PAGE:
||Cleveland| Family - Cleveland Family
Birth: Early 1900's
Arrival of the Porellos and Lonardos
The Cleveland crime family originated with the Porello and Lonardo crime families. Besides the Lonardos and Porellos it has been said that Anthony Rapisarda was the first Godfather of the Cleveland crime family, being the most powerful man coming from Bronte, Sicily around 1908. Not much is known about the Rapisarda family or of any particular interests they held in Cleveland before the Lonardos and Porellos took power. The Porello and Lonardo families migrated to the United States from Licata, Sicily in the late 1800s and the Porello and Lonardo brothers first established themselves as legitimate businessmen. The two groups dabbled in various criminal activities, such as robbery and extortion, before prohibition, but were not yet considered major organizations.
After Prohibition started, John Lonardo, the oldest of four Lonardo brothers, began supplying Cleveland's bootleggers with the sugar they needed to produce liquor. The Porello were also involved in the corn sugar business, and worked for the Lonardos at first. In 1926, the Porellos broke off from the Lonardos and formed their own business. In 1927, John Lonardo and one of his brothers were murdered while playing cards with some of the Porello brothers. Many suspected that the Porellos were responsible for the murders, but no one convicted for the crime.
After the deaths of two of the Lonardo brothers, the Porellos became the most powerful Corn sugar barons in Cleveland, but their time as Cleveland's top mob family was brief. Over the next three years, a continuing feud with the Lonardo family, another feud with a new, fast rising gang called the Mayfield Road Mob, increased police scrutiny, and decline in business, ultimately caused the Porellos to lose influence in the late 1920s and early 1930s. At the end of prohibition, most of the Porello brothers and their supporters had been killed or had sided with the Mayfield Road Mob. Thus, the power in Cleveland organized crime began to shift.
Decline of the Cleveland crime family
After the Death of John Scalish, it was decided by the family's members that Jack "Jack White" Licavoli would take over as boss. Licavoli had worked for the infamous Purple Gang in Detroit during Prohibition, and then moved to Cleveland, where he gradually rose up the ranks of the city's underworld.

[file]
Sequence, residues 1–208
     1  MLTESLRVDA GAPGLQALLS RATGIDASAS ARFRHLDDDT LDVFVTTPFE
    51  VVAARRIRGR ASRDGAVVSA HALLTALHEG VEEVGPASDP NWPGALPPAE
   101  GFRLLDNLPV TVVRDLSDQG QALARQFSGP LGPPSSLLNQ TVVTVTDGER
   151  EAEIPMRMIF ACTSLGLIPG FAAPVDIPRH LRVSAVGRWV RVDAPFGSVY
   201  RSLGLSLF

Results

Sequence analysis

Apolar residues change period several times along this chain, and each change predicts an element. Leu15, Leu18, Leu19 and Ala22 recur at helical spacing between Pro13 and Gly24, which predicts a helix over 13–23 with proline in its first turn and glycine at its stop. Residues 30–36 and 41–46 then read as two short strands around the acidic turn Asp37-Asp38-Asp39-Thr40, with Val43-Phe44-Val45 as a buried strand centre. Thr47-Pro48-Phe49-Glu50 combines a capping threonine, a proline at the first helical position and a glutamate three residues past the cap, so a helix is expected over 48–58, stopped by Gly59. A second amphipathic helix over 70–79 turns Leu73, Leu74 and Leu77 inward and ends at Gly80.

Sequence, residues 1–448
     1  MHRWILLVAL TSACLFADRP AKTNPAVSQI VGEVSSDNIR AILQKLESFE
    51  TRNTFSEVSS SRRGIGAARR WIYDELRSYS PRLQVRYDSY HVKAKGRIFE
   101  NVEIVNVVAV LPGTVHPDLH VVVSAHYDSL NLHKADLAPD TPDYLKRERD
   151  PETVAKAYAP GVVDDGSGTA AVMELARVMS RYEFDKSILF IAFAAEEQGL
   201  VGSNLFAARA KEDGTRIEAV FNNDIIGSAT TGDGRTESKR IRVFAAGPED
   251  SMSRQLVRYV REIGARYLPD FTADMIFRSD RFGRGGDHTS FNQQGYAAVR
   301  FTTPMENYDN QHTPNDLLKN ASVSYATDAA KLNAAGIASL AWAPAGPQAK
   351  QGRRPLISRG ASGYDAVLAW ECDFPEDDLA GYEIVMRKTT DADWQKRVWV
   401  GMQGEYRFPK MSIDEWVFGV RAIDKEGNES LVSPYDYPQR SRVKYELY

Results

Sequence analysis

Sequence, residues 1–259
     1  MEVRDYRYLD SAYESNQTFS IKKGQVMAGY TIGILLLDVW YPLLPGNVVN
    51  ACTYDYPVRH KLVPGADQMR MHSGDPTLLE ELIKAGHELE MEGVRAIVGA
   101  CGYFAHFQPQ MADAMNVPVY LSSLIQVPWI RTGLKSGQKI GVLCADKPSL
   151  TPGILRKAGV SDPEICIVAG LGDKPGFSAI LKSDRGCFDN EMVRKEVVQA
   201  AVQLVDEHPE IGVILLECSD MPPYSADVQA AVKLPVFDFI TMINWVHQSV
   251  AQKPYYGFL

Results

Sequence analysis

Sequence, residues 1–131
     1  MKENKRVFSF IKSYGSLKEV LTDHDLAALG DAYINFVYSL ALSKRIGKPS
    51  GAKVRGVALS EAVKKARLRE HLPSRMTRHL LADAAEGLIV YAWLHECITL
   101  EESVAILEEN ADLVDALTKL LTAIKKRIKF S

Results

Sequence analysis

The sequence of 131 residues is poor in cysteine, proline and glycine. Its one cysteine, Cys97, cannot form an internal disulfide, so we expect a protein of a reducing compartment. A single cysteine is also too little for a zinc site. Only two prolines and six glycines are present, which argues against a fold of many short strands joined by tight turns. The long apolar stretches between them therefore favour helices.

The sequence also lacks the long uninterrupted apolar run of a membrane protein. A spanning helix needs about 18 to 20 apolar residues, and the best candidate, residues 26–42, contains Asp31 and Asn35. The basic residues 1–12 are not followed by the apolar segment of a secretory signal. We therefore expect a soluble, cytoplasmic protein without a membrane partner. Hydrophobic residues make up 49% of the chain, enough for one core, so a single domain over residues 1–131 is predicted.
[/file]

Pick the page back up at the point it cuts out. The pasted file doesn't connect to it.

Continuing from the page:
During his reign, an Irish gangster named Danny Greene began competing with the Mafia for control of union rackets. This resulted in a violent mob war between the Mafia and Danny Greene gang (Danny was backed by mob associate and teamster John Nardi), during which there were almost 40 car bombings in Cleveland. Nardi was killed on May 17, 1977 by a car bomb in the parking lot of the Teamster Hall in Cleveland. After eight failed attempts to kill Greene, they realised they needed outside help. When they learned Greene planned to visit his dentist, Licavoli and Lonardo contracted Ray Ferritto to assassinate him in 1977.
When Greene was inside the building, Ferritto and Ronald "The Crab" Carabbia planted a box bomb in the passenger side door of his car. When Greene opened the door to his car, Caribbia set off the bomb, killing Greene instantly. Ferritto later heard that the Cleveland crime family wanted him dead, so he flipped and made a deal with the authorities.
In the aftermath of the conflict, many Cleveland Mafiosi, including the boss, Licavoli, were convicted of a variety of crimes. After Licavoli was sent to prison for the murder of Danny Greene in 1982, Angelo Lonardo, the son of Prohibition mob boss John Lonardo, took control of the Cleveland crime family. He led the family until 1984, when he was convicted of running a drug ring and was sentenced to life in prison. He then became an informant, making him the highest ranking Mafia turncoat up to that time. He informed on powerful Mafiosi from numerous families while in prison, and caused serious damage to the Mafia's infrastructure.
After Lonardo became an informant, the Cleveland crime family was ravaged by the FBI and other law enforcers to the point where it had no living members outside of prison by the early 1990s. It was declared inactive by the FBI and was even labeled extinct by some law enforcers.
In 1995, Joseph Iacobacci, a Cleveland Mafiosi, was released from prison. Over the next few years, Iacobacci, who became the boss of the remnants of the Cleveland mob, and another recently released member of the Cleveland mob, Russell Papalardo, steadily rebuilt the Cleveland crime family. Not much is known about the Cleveland mob today because it is a tight-knit low key group. It is estimated that it has about ten or fifteen members and many more associates, the reputed boss being Anthony "Bootsie" Giangiacomo and is said to be generating around $30 million a year.
Bosses of the Cleveland crime family
1919–1927 — Joseph "Big Joe" Lonardo (Murdered)
1927–1929 — Salvatore "Black Sam" Todaro (Murdered)
1929–1930 — Joseph "Big Joe" Porrello (Murdered)
1930–1935 — Frank Milano (went into Hiding, died 1970)
1935-1936 — Giuseppe Romano (1877–1936, Murdered)
1936–1945 — Alfred Polizzi (1903–1994, Retired)
1945–1976 — John Scalish (1912–1976, Died)
1976–1985 — James "Jack White" Licavoli (1904–1985, Died)
1985–1991 — John "Peanuts" Tronolone (1910–1991, Died)
1991–1993 — Anthony Liberatore (imprisoned, died in 1998)
1993–2006 — Joseph "Joe Loose" Iacobacci (Retired)
2006-present — Russel Papalardo
This gives a total of 12 bosses from which 4 were murdered (incl. the first 3) and 6 died of natural causes. The longest ruling boss was John Scalish for about 31 years.
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